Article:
Hidden depths

5th September 2003 at 01:00
York Cemetery is alive with opportunity for geography, PE, history and maths, as Kevin Berry reports

ON THE MAP

York Cemetery, Cemetery Road, York YO10 5AJ Tel: 01904 610578

www.yorkcemetery.co.uk

In York, a visit to the cemetery is not just for the grieving or the ghoulish. As well as providing a picturesque place of rest, the burial ground offers a bona fide educational experience.

York Cemetery has 24 acres of splendid wilderness, lovingly nurtured areas, well planned wildlife habitats and wood sculptures of wild animals from local artists.

The cemetery was opened in 1837 and is still used for burials and the scattering of ashes. Yet it is not a sombre place. The lack of regimentation sees to that. There are many corners where gravestones are almost lost from sight and the grasses, flowers and shrubs have taken over.

Bird song is abundant and bees hum gently. The imagination does not have to leap all that far to think of being in a secret garden.

The cemetery's warden, Vanessa Temple, is particularly excited by the uncovering of two examples of rarely seen trees. "One is a Maidenhair and the other is a Dawn Redwood," she says. "Both are natives of China.

Clearing the growth of bramble around them, giving them light and allowing them to grow, was a real thrill."

Today, Year 1 pupils from Fishergate Primary which is just around the corner, are in the cemetery taking part in an "infant orienteering" exercise. Their task covers maths, PE and geography. Each group has a map with its own route clearly outlined and the children are soon lost from sight.

Frequent head-high vegetation, to right and left, stirs feelings of excitement and adventure as they walk along grass paths. Other groups can be heard but cannot always be seen. Hardly a term passes when children from Fishergate are not in the cemetery. Early years pupils visit each term to experience the changing seasons by looking at the same trees and locations.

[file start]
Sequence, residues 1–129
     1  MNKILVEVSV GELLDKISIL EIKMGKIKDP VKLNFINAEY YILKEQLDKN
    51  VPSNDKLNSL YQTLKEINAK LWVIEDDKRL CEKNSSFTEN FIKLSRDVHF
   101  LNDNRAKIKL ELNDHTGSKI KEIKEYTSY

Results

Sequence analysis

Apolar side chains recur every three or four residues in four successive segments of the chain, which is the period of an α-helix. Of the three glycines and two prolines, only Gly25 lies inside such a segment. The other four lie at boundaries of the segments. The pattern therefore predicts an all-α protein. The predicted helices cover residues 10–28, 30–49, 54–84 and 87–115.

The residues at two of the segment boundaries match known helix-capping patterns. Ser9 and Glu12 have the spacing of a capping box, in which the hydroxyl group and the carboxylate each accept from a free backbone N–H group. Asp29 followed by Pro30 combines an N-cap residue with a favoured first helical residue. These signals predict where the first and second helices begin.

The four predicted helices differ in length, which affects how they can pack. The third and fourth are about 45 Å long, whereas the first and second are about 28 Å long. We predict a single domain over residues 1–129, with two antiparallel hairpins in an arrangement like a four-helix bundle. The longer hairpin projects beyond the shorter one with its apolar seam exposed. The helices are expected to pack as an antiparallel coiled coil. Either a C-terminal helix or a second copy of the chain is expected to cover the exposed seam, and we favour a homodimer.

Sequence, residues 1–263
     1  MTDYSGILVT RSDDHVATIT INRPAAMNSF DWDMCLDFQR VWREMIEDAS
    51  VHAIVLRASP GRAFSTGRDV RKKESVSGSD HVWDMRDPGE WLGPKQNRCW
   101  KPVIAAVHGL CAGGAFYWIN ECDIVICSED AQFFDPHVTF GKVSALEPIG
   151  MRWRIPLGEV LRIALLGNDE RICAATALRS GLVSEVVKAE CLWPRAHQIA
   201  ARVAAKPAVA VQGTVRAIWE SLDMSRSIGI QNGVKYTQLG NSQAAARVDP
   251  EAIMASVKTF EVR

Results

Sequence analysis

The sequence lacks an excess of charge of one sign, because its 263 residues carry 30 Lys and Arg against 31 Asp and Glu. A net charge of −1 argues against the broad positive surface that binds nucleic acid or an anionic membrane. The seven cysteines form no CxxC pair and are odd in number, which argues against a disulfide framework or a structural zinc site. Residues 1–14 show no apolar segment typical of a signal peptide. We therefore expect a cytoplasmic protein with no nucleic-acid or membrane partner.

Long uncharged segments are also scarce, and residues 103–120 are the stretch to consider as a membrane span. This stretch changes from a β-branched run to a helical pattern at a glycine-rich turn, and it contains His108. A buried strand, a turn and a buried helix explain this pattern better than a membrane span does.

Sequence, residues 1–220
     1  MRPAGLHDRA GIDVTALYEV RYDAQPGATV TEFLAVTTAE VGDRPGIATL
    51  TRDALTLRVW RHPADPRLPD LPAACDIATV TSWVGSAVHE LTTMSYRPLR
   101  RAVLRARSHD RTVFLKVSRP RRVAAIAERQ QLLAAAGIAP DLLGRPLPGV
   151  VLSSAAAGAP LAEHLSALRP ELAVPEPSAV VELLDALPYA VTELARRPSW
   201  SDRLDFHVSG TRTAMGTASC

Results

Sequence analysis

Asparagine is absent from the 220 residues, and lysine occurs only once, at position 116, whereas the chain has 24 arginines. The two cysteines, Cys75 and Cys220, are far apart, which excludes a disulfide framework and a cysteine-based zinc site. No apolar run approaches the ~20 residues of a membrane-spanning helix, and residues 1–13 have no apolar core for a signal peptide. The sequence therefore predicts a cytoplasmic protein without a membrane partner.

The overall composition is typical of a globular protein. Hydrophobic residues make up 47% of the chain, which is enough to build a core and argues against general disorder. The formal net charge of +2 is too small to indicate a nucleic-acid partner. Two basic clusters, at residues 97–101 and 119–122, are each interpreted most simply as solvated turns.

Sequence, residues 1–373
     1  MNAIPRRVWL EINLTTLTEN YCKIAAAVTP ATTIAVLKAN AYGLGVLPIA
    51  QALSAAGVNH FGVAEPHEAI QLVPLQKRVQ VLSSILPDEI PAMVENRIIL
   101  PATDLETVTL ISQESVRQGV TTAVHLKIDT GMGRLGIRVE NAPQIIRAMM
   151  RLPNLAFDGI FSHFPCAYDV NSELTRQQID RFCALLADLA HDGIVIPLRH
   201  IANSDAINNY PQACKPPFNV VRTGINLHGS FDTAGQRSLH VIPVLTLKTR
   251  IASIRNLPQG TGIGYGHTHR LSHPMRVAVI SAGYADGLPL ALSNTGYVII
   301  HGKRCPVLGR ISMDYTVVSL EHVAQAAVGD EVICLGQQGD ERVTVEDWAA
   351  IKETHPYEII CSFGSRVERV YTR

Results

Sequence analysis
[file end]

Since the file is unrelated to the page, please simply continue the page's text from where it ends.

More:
Some children collect pebbles and pieces of wood to create sculptures back in the classroom and older children follow the Victorian Grave Trail.

It's the now unfashionable names such as Clarence and Ebenezer and decorative headstones that catch the eye of pupil Leonie Taylor. She says:

"The Victorians had some names that we don't use now. And they had huge carved gravestones to fit the names of wives and children. When I come here I always look for one grave. It has trees on both sides. There are always fresh flowers there and wild ones are growing near it, like snowdrops. It's beautiful. Not sad."

While lopsided gravestones have a certain aesthetic appeal, they do raise health and safety concerns. At York, they use a device known as the "topple tester", says Vanessa Temple. "I am sure that all other cemeteries have one or they would have to close their gates. We have our own version specific to this cemetery and there is a regular process of testing for which one person is responsible."

It's time to go back to school. A startled blackbird shoots out of a tangled mass of ivy and bindweed. We pass a volunteer, one of many who give their time to the cemetery. She is carefully clearing excess vegetation from a row of Victorian graves. The graves are being treated with respect and sympathy, as are the plants and shrubs and the wild creatures.

Visits are free for schools that subscribe to the York Cemetery Education Service (pound;30 or pound;2 per child). Notice of a visit is requested in case you have to be routed around a funeral. A new education officer will be in place this term, but schools can call the York Cemetery Trust to organise visits

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